For too long, global road safety has not received the priority it deserves, especially when it comes to the needs of children. Not only are children at high risk in vehicles, on bicycles, and in some countries on motorcycles, they are vulnerable as pedestrians and are often injured or killed in the simple act of walking to school.
Every day around the world, more than 500 children lose their lives in traffic crashes. Tens of thousands are injured, sometimes suffering lifelong disabilities. Not only are children at high risk in vehicles, on bicycles, and on motorcycles, they are vulnerable as pedestrians and are often injured or killed in the simple act of walking to school.
A growing epidemic of traffic injuries is devastating the next generation of children around the globe. More than 500 children are killed every day as a result of road traffic collisions, and tens of thousands are injured, often suffering lifelong disabilities. Children living in poorer nations are most at risk. In fact, more than 90 percent of child road deaths occur in low- and middle-income countries.
As the weather gets chilly and holiday anticipation begins to grow, it’s time to start making lists – lists for Thanksgiving dinner, lists for Santa, lists for winter-weather preparation, and, of course, lists for holiday shopping.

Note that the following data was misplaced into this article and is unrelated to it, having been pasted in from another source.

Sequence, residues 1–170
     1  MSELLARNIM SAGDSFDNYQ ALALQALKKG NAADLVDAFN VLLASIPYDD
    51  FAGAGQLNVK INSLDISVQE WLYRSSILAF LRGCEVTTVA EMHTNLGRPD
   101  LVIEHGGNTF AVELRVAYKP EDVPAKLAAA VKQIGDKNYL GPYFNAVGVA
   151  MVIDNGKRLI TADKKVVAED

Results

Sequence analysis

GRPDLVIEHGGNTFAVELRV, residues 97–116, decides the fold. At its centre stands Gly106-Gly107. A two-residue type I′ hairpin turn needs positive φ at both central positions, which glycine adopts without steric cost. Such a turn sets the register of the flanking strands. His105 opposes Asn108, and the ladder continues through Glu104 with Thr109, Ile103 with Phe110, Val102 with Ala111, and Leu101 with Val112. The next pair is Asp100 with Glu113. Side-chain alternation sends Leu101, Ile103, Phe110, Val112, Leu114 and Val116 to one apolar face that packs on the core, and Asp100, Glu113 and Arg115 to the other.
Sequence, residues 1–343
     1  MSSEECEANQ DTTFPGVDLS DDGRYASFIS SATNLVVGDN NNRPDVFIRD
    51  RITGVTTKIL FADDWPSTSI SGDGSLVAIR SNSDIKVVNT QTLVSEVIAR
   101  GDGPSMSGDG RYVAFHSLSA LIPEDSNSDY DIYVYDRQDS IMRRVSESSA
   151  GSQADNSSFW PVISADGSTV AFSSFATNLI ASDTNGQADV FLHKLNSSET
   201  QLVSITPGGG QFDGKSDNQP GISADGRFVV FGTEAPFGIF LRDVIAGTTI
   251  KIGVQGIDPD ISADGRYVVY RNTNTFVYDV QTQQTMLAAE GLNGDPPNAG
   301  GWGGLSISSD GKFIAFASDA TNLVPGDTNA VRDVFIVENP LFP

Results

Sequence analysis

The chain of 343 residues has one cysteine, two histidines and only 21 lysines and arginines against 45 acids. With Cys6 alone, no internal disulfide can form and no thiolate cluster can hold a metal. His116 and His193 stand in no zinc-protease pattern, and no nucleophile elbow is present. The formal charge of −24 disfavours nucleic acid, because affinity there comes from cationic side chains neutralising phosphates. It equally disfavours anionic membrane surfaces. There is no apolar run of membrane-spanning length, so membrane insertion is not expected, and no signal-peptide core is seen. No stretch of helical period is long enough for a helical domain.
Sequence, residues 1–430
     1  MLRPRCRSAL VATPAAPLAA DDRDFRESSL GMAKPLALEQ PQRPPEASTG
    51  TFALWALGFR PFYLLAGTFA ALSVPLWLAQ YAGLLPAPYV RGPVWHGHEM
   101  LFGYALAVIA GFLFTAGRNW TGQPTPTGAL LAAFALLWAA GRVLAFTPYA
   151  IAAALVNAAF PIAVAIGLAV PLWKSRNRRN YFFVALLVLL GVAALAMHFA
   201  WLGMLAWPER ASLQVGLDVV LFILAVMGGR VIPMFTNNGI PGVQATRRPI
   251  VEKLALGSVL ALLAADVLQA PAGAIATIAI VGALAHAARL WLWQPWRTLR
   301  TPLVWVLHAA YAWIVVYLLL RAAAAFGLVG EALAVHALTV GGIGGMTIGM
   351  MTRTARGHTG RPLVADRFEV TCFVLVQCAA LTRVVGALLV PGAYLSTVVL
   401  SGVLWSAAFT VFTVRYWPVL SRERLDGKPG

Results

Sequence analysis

Before you join the crowd on Black Friday to kick-start your holiday shopping, here are a few important things to add to your list.
Chris Clark is one of the top professional stunt cyclists in the country. I recently watched him perform on consecutive weekends at Safe Kids Day events in Los Angeles and New York. Kids of all ages marveled as he fearlessly jumped over ramps, hopped from obstacle to obstacle on just his back tire and performed stunts that took our breath away.
There is nothing that I can remember loving more as a kid than riding my bike with all of my friends. Every ride was an adventure and we would stay out as long as we could.
Now as an adult, I still hop on a bike every opportunity I get – and it’s especially fun to ride with my nephews, Jake, 4, and Nathan, 7, who are actually starting to keep up with me, which is saying something.
There are so many good things that come from riding a bike – good exercise, a sense of freedom, it’s good for the environment – so we want to encourage all kids to strap helmets on their heads and pedal off to the park, to a friend’s house or to school.
I still remember getting my first bike. It was a lovely fall day, and I was celebrating my 5th birthday at the local park when my parents wheeled it over. And it was beautiful – a light pink frame and white tires with a white basket on the front adorned with purple, blue and yellow daisies, and shimmering multicolored streamers flowing from the handlebars.
Have you ever seen a bike train? Picture lots of excited little kids perched on bicycles, scooters, skateboards and anything else with wheels, anxiously awaiting a signal from a parent or teacher to start pedaling and rolling to school.